Le Hoang Linh is a producer for VTV4, part of the state-run VTV Network that launched in 1998. The network’s slogan “Bringing Vietnamese values to five continents” sees them put out programmes in Vietnamese and English, and news bulletins in French, Chinese, Japanese and Russian.
Linh, who is also the deputy head of the network’s English Division, fell into journalism by chance but today describes himself as a multimedia storyteller who has been intrigued since a young age by people’s lives. So we met with him to understand his passion for telling tales about the new Vietnam to a multi-lingual audience.
How did you get your start in TV?
Honestly, I didn’t have a clue that I would be a journalist one day. When I was a child, I remember waving my mother off to work at the station and wondering about the people she would meet and their stories. So I guess I’ve always been interesting in people’s lives.
Later, I chose to study at the Foreign Trade University simply because many of my friends went there. While studying, I made videos of my friends and enjoyed editing together scenes. Directing and editing stories felt a little like magic. When I graduated, I probably should have worked as a banker or something, but I had an offer from my English teacher’s daughter who worked at VTV. She asked me to join the network and I said “yes” without much of an idea of what it meant to be a journalist. There’s a Japanese term, “ikigai”, which is essentially about finding your purpose in life. It is a combination of what you are good at, what you love, what the world needs and what you can be paid for—more simply it’s the meeting point of passion and profession. Storytelling is my “ikigai”.
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What have been some of your most memorable experiences as a journalist?
Journalism is not a fancy life but that’s not my goal, I would rather be wealthy in my experiences. One of the most memorable experiences in my 10-year career is a filming trip to the Son Doong cave, the biggest cave in the world. I was the first member of the Vietnamese media to visit the caves, we went along with Howard Limbert who had discovered the cave and spent 2 nights sleeping in the huge cavern.
Have you focused on particular journalistic themes?
My main objective has been to look for inspirational life stories that can inspire people. There are many negative stories in the media. They’re important stories to tell, but I want to also focus on the human experience of overcoming personal problems and chasing our dreams. I find that very inspiring and think that my audience finds those stories inspiring too. In the world, lots of good things are happening and I think we should also promote that!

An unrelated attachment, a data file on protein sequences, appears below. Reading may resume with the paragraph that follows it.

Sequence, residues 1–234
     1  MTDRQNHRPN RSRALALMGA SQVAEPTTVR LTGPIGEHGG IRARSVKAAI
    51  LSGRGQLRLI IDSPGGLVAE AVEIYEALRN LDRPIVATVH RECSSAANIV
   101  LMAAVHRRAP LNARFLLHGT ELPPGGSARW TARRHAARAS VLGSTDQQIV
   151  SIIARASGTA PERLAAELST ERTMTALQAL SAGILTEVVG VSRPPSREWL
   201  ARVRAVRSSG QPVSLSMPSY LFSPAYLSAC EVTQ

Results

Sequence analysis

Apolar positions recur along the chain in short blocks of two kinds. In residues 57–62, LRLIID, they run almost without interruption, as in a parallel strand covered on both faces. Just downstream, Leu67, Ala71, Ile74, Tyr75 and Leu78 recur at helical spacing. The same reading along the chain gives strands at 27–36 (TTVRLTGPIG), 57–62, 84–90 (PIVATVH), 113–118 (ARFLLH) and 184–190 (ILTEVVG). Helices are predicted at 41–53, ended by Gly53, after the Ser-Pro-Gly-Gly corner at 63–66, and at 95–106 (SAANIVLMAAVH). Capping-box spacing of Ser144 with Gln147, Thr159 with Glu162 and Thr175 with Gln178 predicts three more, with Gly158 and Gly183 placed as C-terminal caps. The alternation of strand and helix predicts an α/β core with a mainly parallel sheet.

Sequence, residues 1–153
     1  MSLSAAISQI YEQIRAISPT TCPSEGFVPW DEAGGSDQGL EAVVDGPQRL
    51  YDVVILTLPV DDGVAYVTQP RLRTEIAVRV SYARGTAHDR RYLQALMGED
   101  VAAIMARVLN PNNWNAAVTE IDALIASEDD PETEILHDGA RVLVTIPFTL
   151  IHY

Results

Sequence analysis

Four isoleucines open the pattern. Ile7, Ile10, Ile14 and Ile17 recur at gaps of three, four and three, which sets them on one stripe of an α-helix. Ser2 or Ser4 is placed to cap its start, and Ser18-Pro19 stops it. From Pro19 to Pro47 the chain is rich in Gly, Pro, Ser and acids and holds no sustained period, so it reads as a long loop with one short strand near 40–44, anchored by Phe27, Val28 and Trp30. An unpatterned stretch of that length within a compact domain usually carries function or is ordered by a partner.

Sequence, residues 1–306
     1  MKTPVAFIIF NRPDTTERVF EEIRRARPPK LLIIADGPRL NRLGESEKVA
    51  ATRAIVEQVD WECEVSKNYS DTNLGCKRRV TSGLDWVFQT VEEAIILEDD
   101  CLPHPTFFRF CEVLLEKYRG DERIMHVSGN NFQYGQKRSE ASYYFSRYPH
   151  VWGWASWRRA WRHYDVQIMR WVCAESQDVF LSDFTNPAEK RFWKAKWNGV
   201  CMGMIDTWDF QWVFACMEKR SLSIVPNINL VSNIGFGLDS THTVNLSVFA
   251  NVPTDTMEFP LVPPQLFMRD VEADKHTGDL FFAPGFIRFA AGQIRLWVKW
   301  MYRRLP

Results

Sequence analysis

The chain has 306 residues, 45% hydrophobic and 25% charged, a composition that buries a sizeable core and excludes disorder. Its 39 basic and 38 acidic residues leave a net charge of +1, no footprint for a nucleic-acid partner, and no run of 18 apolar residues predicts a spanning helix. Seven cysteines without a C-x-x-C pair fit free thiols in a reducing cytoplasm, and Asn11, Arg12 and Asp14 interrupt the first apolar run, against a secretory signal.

The series “Talk Vietnam” explores the stories of people connected to Vietnam in some way. We interviewed a wide range of people including celebrities like Jackie Chan, Apple CEO John Sculley, and even Prince William who was here for an illegal wildlife trade prevention conference. We also talked to everyday people with incredible stories. One particularly powerful story is of a Vietnamese woman who was adopted by a Swedish family when she was just 10 months old. She went on to become the runner-up of Swedish Idol. Amazingly, her birth mother recognized her in a show we made. It was an incredibly emotional story to tell.
What sort of angles do you look for and what questions do you try to ask as a journalist?
For me, it’s about understanding a person’s passion and what motivates them—not just what they do, but why they do it. Hopefully, then I can highlight key moments in their lives, and the inspiration that drives them. I don’t think that I’m particularly interesting but I have a gift for telling the stories of others. I hope that by showing my audience these stories I can inspire them.
You have been working on a series about Viet Kieus—“The Return Day”. What is the story behind this series?
This is a special show that we have run for the past 7 years. It broadcasts during the lunar new year period of Tet. It’s a time when people want to return to their homes or connect with their heritage. If people can’t actually come home, they can feel as if they have through my show. Initially, it was produced as a stage show with invited guests, but now it’s made in a documentary-style featuring appealing stories about Viet Kieus and the Vietnamese community around the world. Last year, we focused on the “banana generation”—young Vietnamese who were born and raised in foreign countries but are now coming to Vietnam for work and other reasons such as trying to understand their Vietnamese identity and connect to their roots.
What upcoming shows are you excited about? What channels and journalists are doing new, fresh projects that are worth checking out?
We are developing a project that will replace our “Expat Living” series. The expat community is getting bigger and we want to lift the show to new heights. The show is called “#WOWVietnam” and is all about things that make people say “wow” about the country. For some it’s the little things, things they find special, but it’s also about the big things that have that “wow” factor.
There are a lot of expats doing interesting things on YouTube. Sonny Side, for example, is doing some great videos about Vietnamese food. I would love to do some work with him.
Where do you see yourself in a few years time?
I see myself working on long-form documentaries. Having met so many interesting people with fascinating stories I would like to develop documentaries that people connect to. Something that lifts them out of their everyday lives, and that they come away from having learned something.